* Editorial: Peter Jackson brings war to life
Armistice Day has usually been overshadowed in New Zealand by Anzac Day but tomorrow’s 100th anniversary of the end of World War I will be an Armistice Day with a difference.
The two-minute silence that will be observed at Pukeahu National War Memorial Park in Wellington at 11am will be broken by ‘‘a fanfare of bells, sirens and horns across the city and harbour, echoing the joyous sounds heard across Aotearoa when news of the Armistice reached our shores’’, according to the Government’s ww100 website. In case the noise fails to reach you, there will be smaller events in churches, halls and at war memorials all over the country.
Or you may prefer the quiet of the cinema. For New Zealanders, Sir Peter Jackson’s new, feature-length World War I documentary, They Shall Not Grow Old, will seem a natural companion to Te Papa’s monumental The Scale of Our
War exhibition, in which the Gallipoli story was powerfully told by Weta Workshop’s giant, hyper-real sculptures, and Jackson’s The Great War Exhibition, which aimed to recreate the overwhelming sensory experience of combat.
Like those exhibitions, They Shall Not Grow Old is an experiment designed to bring history into the present. Jackson assembled a new World War I narrative from footage held by the British Imperial War Museums, including the legendary 1916 film The Battle of the Somme. One of his innovations was to colourise and change the speed of grainy black and white footage, giving us a clearer sense of how war must have looked to soldiers on the Western Front.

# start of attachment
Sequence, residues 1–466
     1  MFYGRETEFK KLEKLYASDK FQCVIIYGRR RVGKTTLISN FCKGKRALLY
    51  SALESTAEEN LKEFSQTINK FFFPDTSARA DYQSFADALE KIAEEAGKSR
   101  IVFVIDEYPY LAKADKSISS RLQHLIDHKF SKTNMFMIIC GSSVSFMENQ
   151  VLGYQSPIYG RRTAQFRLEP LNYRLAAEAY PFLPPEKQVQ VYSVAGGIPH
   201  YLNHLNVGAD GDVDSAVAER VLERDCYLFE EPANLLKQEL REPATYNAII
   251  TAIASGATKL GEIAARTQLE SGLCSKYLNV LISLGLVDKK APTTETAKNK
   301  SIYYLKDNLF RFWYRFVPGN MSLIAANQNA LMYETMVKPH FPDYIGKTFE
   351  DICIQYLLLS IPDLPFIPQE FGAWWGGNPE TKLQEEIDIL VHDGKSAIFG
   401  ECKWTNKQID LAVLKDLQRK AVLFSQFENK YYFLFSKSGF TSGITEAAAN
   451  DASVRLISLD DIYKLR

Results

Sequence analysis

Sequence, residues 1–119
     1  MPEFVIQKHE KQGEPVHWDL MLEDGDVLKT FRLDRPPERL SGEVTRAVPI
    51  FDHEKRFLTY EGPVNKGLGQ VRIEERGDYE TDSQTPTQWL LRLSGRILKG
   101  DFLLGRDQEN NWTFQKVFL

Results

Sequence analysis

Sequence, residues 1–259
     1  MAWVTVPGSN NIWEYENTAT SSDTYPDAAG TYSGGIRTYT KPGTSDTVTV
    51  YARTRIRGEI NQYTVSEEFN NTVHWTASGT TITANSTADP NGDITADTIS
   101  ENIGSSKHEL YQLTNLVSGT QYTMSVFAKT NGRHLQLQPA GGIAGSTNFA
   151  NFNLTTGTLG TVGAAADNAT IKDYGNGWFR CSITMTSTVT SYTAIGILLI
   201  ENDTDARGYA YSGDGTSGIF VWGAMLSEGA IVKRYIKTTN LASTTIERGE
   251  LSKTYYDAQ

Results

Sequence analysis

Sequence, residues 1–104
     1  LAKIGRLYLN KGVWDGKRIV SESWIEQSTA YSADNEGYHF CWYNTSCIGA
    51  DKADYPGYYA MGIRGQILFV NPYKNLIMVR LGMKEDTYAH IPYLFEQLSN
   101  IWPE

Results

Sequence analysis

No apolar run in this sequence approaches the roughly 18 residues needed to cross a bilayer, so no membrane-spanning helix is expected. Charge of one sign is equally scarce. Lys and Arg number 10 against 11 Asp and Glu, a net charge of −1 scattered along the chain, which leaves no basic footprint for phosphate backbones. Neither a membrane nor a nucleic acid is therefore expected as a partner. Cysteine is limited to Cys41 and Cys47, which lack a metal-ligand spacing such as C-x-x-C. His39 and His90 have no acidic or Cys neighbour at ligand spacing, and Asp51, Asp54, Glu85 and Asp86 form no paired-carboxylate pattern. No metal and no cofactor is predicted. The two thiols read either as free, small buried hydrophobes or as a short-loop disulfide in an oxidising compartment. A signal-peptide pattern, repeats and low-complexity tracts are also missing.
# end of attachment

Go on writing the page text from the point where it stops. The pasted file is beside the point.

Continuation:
A world we have always seen in shades of grey can even look astonishingly pretty. That only makes the war’s horrors harder to take.
Colourisation has had a bad reputation as a gimmicky device and some film buffs resist it. But it works effectively in this case because of the way it adds meaning. Like The Wizard of Oz, or even the Russian cult classic Stalker, Jackson’s film begins and ends in a mundane black and white world. The film only switches to colour once we are within shelling distance of the front line.
Everything comes vividly alive: the routines of the soldiers, the noise and impact of artillery, the clouds of poisonous gas, the lice and the rats. We see the nervous grins of the soldiers as they face the camera. Some of these young men were just 17 or 18 – Jackson wants to reach out to them across the abyss of history.
While the visual innovations have been widely commented on, the soundtrack is equally effective. Voices of more than 100 old soldiers collected by the BBC and the Imperial War Museums are woven together to create narration that runs from the excited anticipation of war to the oddly depressing aftermath.
One of the truisms of the war is that returned servicemen felt unable to communicate the experience to others. Jackson’s documentary helps explain why, and it was not just the horrors of wartime that were so out of the ordinary, but also the camaraderie and a sense of belonging. And while it was produced from British materials originally for a British audience, it has plenty of local resonance, including war songs delivered by gusto by Wellington musicians Plan 9.
Everything comes vividly alive ... the noise of artillery, the clouds of poisonous gas.